Home Life Being a tourist three hours from home

Being a tourist three hours from home

by Mia Anhoury January 30, 2018
Being a tourist three hours from home

Moments captured at the Quebec Winter Carnival amongst friends

When my best friend moved to Quebec City this winter, I knew I had to visit her as many times as I could. What better time to do so than during the Quebec Winter Carnival?

Quebec City has a special spark. There is something about the friendly people of this city that makes you feel warm and cozy while navigating the narrow streets. Everyone smiles at you.

As my two best friends and I headed towards the carnival in Old Quebec last Saturday, a father of two sitting next to us on the bus asked where we were from, since we were speaking English. His name was Moussa Sarr. He has a PhD in sociology and is the ex-deputy for the federal minister of transport, infrastructure and collectivity. Sarr emphasized the importance of education and embracing different cultures when we told him we were there to explore the city.

Many families gathered in Old Quebec for the annual Quebec Winter Carnival’s numerous outdoor activities. Photo by Mia Anhoury.

He asked us about the languages we speak. We determined that all four of us could speak French, English and Spanish. “I know a language you don’t know,” Sarr added enthusiastically. The language was Wolof, which is native to Senegal, the Gambia and Mauritania.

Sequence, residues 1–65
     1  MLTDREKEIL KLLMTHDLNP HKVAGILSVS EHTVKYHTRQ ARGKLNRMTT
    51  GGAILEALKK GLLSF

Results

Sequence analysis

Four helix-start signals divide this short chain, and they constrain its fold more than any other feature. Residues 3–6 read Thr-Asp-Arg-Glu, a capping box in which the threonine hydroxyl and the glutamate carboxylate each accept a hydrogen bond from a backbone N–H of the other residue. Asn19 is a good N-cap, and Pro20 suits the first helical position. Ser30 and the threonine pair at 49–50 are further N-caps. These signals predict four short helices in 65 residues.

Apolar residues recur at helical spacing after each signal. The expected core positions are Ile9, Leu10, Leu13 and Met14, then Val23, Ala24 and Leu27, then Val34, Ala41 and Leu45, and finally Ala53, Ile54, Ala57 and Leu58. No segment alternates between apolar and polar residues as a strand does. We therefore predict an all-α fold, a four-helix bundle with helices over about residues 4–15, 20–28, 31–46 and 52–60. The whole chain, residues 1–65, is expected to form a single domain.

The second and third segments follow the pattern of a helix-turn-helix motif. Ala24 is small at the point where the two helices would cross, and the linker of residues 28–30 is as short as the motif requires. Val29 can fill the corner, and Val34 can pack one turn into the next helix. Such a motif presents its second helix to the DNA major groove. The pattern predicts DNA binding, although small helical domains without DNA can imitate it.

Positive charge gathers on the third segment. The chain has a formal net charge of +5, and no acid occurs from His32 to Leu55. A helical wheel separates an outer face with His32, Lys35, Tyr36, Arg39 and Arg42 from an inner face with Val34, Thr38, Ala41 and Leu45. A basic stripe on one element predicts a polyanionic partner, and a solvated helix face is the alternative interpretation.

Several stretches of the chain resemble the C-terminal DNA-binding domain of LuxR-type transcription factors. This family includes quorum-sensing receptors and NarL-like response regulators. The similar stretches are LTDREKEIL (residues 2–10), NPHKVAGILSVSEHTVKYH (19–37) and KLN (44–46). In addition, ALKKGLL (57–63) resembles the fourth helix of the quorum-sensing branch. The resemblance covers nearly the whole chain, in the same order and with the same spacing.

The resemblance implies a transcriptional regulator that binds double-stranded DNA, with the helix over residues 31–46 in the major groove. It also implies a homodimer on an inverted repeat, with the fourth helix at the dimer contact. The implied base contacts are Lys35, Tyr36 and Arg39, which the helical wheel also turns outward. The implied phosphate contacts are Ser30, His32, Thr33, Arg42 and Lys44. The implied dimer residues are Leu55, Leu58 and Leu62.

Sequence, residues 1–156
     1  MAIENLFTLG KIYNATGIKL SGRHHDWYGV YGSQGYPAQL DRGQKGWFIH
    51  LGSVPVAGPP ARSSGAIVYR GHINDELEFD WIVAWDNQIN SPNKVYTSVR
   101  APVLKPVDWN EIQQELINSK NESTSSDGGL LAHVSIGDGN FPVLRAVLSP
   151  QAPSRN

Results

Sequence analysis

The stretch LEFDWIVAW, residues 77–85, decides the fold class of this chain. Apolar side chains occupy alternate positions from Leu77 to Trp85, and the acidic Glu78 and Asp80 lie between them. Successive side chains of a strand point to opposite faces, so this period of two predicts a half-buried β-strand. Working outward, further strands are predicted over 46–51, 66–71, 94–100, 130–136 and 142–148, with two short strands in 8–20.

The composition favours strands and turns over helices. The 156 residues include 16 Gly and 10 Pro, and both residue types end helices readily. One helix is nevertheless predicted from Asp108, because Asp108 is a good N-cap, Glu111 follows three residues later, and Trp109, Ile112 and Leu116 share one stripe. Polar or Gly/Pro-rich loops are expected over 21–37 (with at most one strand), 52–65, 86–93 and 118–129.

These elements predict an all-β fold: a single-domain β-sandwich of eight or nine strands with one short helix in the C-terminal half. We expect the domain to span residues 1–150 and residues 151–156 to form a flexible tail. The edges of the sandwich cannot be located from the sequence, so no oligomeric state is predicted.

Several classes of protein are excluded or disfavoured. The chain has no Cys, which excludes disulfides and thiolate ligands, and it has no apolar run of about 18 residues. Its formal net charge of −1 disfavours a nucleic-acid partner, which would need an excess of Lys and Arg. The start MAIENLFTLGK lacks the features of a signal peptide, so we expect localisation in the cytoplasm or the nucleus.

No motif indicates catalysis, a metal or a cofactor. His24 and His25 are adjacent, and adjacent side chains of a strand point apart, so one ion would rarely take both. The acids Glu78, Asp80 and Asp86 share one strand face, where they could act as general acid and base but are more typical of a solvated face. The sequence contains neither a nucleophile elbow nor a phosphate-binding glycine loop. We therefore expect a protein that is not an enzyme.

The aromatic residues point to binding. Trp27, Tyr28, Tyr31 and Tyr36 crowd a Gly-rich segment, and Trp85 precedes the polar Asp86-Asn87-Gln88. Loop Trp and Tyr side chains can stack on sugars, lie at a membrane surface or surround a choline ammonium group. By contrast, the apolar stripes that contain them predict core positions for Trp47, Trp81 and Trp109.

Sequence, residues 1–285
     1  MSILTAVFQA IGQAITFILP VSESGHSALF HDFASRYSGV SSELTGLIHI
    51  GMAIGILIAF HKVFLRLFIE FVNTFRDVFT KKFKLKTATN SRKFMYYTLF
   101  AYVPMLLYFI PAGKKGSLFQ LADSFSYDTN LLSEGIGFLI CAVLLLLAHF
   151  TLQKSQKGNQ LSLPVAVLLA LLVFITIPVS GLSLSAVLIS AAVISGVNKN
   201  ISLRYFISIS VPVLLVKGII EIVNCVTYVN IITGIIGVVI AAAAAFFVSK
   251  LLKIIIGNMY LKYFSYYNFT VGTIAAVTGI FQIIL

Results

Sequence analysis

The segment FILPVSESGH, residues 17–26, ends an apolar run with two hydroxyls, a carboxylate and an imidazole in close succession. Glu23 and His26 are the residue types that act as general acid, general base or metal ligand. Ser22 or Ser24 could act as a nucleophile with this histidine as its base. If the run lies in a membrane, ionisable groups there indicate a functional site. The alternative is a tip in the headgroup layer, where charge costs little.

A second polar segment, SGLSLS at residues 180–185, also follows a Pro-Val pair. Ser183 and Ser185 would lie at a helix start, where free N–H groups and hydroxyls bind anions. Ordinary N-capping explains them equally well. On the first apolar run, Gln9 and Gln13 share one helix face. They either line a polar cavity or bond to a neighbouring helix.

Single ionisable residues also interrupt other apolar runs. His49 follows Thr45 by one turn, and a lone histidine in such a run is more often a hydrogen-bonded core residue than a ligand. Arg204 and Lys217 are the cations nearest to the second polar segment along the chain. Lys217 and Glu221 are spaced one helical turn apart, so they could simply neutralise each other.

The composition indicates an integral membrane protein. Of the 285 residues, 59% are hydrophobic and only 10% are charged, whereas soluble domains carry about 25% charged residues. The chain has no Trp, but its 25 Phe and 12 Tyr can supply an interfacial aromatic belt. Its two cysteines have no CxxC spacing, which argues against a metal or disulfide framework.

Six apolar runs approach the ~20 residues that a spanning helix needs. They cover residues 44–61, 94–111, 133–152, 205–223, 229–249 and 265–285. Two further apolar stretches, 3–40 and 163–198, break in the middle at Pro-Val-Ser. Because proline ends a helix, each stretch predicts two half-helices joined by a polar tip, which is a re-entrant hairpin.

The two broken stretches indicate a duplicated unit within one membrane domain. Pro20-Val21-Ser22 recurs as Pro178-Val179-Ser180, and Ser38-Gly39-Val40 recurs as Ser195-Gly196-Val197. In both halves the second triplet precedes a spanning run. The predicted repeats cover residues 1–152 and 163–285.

Once we arrived at the Grande Allée near the Château Frontenac, a snow sculpture caught my attention. Made by local artists Charles Fleury, Blaise Carrier Chouinard and Péïo Éliceiry, the sculpture was called Toboggan. It depicts a man sliding down a hill on a toboggan. Dressed in a bulky coat and mittens, he seemed immune to the cold, despite being made of snow. His open-mouth smile showed he was amused by the imaginary ride.

Little did we know, the imaginary ride was real. Despite the cold, dozens of people waited in line further down the street for a chance to slide down the hill on a bright red sleigh. Tourists and locals alike were enjoying themselves as they used selfie sticks to captured the fast, slippery moment on camera.

Near the base of the slide, the Bonhomme Carnaval snowman stood behind a frame with a colourful background, creating the perfect photo opportunity for families and friends. Although no one was skating on the rink nearby, the laughter from kids running—or, should I say, gliding—on the ice filled the air. All afternoon, people took turns huddling around a small fire pit near the skating rink, trying to stay warm.

All day, people took turns huddling around a fire pit to stay warm at the carnival. Photo by Mia Anhoury.

My friends and I decided to end the day by going skating at a different rink where we could rent skates. As we glided around the rink — my friends showing off their skating skills while I tried to catch up — we bumped into our new friend Sarr from the bus. A big smile broke out on his face when he spotted us on the rink.

“I knew I was going to see you girls again,” he cried out. We told him about our day at the carnival, and he said he would be headed there the following day.

Throughout our excursion, my friends and I spoke English to one another, which prompted many people to ask us where we were from. Being a tourist in your own province is quite an experience, and it’s funny to be able to respond: “I only live three hours away from you!”

The Quebec Winter Carnival runs until Feb. 11 in Old Quebec.

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